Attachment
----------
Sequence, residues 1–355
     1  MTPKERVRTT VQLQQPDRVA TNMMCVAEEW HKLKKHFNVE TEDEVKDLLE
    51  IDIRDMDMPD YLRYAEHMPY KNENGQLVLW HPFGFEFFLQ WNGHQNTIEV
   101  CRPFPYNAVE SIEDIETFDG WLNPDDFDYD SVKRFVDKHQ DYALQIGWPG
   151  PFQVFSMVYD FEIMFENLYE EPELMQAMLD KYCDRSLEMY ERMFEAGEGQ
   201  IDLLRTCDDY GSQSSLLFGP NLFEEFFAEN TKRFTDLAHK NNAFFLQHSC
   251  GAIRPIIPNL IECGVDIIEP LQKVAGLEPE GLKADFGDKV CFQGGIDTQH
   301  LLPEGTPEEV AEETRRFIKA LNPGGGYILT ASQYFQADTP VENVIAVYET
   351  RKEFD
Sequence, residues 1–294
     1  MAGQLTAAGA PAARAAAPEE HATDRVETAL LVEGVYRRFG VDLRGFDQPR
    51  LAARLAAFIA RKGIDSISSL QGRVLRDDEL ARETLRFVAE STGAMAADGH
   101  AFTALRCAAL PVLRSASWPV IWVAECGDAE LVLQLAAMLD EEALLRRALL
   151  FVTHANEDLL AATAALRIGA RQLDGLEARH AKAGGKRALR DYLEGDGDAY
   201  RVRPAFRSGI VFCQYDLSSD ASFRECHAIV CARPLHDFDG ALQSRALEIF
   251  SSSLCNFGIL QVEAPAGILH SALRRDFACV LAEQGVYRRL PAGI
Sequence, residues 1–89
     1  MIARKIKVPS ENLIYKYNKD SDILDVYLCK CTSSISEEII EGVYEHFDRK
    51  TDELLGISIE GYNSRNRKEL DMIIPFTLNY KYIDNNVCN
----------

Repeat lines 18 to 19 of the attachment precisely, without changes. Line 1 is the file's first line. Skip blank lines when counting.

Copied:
     1  MIARKIKVPS ENLIYKYNKD SDILDVYLCK CTSSISEEII EGVYEHFDRK
    51  TDELLGISIE GYNSRNRKEL DMIIPFTLNY KYIDNNVCN